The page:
I would be interested in more information on the cost and speed of additive manufacturing. At first glance, construction seems like an excellent application of additive manufacturing and this technology should be scaled around the world. In addition to the social benefits that @Nathaniel described above, this technology could radically transform cities by potentially reducing the amount of time and money spent on construction projects. If we could apply this to housing and transportation projects, we could more rapidly address the homelessness and mobility challenges facing our cities.
In response to the questions you raised, I agree that this technology poses the risk of ultimately reducing the number of construction jobs available. However, in the short term, I believe that this technology can help grow the overall construction industry, due to the quantity of construction work currently needed around the world.
I think applying Open Innovation is a fantastic idea and would love to see more governments adopt this approach. In my perspective, there are a few clear benefits. First, it increases community buy-in and engagement with ongoing city projects. I believe the more engaged people are with city politics, the more likely they are to support government funding initiatives — which will thereby increase the number of services the government is able to offer and potentially create a stronger sense of community. Second, OI challenges effectively force governments to engage directly with the opinions of the community, which ensures a broader diversity of opinions are considered.
In contrast to some of my section mates’ above, I do worry, however, about incorporating community feedback too extensively in the project planning process. While I agree that governments should be as transparent as possible about city plans, an influx of community opinions could lead to slow progress on a given project. It can be very challenging — nigh impossible — to get a community to agree on specific plans or initiatives, and I fear that too much community involvement could be counterproductive and lead to disagreements.
I had never thought about the challenges of manufacturing in space due to the lack of gravity, but the applications of this technology are clearly far-reaching. To draw on an example from class, as we saw with the beer game simulation, long lead times in a supply chain process can have amplified effects throughout the entire supply chain. If one considers how long it would take to deliver materials to space, the benefits of this technology seem self-evident. The ability to 3D print exploration or even surgical tools on-demand, in space, seems like it would enable teams to move more quickly, and could potentially reduce the possibility that teams are starved for specific resources.
I am, however, skeptical of one of the benefits of the technology you described. Considering how costly space exploration is, I’m doubtful of the need for spontaneous space exploration. While I could envision scenarios in which a mission chooses to remain in a given location somewhat spontaneously, it seems unlikely that a space team would spontaneously decide to launch an expedition given the safety risks.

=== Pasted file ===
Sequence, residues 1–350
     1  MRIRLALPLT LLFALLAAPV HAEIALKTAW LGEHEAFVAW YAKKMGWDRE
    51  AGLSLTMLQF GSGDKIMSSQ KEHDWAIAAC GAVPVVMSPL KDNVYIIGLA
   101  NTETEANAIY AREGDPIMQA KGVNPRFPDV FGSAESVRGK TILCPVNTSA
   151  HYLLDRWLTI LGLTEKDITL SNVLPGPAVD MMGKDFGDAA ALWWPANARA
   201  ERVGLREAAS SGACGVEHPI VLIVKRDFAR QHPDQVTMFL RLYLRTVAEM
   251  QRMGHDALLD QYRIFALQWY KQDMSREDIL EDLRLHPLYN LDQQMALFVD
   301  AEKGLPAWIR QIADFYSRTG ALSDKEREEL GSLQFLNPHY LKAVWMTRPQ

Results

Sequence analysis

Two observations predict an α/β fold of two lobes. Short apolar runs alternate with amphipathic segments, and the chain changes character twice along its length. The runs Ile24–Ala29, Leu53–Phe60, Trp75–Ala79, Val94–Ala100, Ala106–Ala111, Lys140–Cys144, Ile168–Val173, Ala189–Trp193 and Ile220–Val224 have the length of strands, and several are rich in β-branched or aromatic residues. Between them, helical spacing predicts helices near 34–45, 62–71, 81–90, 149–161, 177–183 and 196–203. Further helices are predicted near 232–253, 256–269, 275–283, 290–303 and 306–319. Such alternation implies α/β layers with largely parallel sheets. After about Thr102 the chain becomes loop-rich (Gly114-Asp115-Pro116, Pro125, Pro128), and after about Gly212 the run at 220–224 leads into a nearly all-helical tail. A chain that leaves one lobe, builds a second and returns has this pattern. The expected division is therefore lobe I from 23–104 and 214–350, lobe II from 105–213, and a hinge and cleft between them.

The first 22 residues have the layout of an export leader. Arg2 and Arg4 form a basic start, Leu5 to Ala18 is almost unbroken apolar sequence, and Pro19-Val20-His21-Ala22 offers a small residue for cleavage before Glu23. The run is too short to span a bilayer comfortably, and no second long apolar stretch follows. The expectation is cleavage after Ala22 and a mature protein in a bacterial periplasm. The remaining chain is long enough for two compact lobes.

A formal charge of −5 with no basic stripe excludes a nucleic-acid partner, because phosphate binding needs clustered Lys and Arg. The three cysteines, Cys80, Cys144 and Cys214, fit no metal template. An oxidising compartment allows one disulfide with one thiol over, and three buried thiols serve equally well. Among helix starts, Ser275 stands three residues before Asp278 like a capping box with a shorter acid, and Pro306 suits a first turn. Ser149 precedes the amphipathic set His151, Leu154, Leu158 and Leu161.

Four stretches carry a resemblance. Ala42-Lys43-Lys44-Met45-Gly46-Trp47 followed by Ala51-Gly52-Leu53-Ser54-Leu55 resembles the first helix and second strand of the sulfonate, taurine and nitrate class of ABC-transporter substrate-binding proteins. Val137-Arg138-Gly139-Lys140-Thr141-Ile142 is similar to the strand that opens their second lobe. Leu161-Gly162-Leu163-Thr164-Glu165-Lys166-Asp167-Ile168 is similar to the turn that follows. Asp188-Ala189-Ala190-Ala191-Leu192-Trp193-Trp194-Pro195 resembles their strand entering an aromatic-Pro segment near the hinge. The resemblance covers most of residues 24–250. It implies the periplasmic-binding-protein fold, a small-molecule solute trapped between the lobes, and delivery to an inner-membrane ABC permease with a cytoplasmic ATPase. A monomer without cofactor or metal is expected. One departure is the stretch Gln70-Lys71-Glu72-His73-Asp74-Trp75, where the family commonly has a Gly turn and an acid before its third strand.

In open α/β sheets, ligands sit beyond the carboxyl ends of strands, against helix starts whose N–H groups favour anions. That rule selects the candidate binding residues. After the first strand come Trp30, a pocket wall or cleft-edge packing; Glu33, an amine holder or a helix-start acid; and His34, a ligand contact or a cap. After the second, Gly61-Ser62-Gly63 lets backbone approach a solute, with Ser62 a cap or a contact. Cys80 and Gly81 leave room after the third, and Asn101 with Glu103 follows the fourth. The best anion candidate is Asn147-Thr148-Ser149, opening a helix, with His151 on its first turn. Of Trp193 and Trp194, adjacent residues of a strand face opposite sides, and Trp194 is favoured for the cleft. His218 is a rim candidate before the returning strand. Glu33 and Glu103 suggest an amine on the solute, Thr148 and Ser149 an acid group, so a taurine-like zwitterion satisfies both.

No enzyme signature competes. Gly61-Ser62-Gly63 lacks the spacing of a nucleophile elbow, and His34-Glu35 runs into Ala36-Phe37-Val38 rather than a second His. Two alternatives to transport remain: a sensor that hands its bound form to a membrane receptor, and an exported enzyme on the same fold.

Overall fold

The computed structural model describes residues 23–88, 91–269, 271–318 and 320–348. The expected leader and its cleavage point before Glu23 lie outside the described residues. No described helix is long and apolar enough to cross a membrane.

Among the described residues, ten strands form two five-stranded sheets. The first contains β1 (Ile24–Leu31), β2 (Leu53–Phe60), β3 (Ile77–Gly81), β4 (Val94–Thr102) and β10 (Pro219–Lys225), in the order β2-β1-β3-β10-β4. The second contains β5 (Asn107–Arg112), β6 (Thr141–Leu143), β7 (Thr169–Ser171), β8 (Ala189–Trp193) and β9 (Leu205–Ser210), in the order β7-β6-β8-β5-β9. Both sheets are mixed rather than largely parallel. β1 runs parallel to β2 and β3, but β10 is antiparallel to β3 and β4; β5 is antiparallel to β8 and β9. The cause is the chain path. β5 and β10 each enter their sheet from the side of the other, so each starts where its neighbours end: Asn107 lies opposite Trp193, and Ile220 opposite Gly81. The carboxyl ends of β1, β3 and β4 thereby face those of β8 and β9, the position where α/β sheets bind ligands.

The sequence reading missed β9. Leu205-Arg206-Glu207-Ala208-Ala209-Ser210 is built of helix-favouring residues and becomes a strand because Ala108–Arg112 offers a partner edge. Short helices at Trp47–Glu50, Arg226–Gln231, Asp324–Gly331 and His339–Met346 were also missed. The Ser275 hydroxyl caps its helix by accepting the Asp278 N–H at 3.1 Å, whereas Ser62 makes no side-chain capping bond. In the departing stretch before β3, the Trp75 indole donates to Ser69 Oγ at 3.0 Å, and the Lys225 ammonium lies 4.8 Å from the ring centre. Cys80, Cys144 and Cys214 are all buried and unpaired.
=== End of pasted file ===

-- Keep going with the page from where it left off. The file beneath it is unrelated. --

Open innovation contests are a great way to ensure that creative and unique viewpoints are given appropriate consideration during the product development process. With regards to the Hyperloop One, specifically, the OI contest provided cities and universities with an opportunity to pitch routes in their area, which likely had the effect of increasing visibility of cities that otherwise may not have been considered. Additionally, by outsourcing much of the legwork to external parties, the Hyperloop One team is able to deploy members of the community as lobbyists on the project’s behalf, giving them the flexibility to hit the ground running if and when they decide to expand in any given market. This approach also has the potential of reducing the impact of the Hyperloop team’s biases (geographic or otherwise) by forcing the team to consider perspectives they have otherwise overlooked.
This is a fascinating application of machine learning in the food industry that has potentially applications for the delivery industry more broadly. If companies are able to better predict customer demand before they place an order, they could start the order fulfillment and shipping process when demand is low. This would allow the company to prepare orders evenly throughout the duration of the day, potentially reducing staffing needs. There’s also a possibility that anticipating consumer demand could allow companies to dispatch delivery vehicles during non-peak hours, thereby reducing the number of delivery vehicles on the road during peak rush hour. This would not only reduce delivery costs for the company, but would also reduce overall congestion in a city (which is often in large part caused by delivery vehicles). If companies are able to lower the costs associated with delivery, they can then lower the retail prices of the goods, thereby making it easier for people who live outside cities to obtain the items they need even if they do not have access to a car.
I imagine it would be very challenging to use artificial intelligence and machine learning to detect when content qualifies as fake news. To effectively identify fake news, Facebook’s algorithm would need to determine the veracity of claims posted on Facebook — and then make a judgment call whether the inaccuracy warranted deleting the post. This would be especially challenging during discussions in which the facts are not mutually agreed upon, and I fear a policy that calls for the elimination of “false information” would lead to stifled conversation.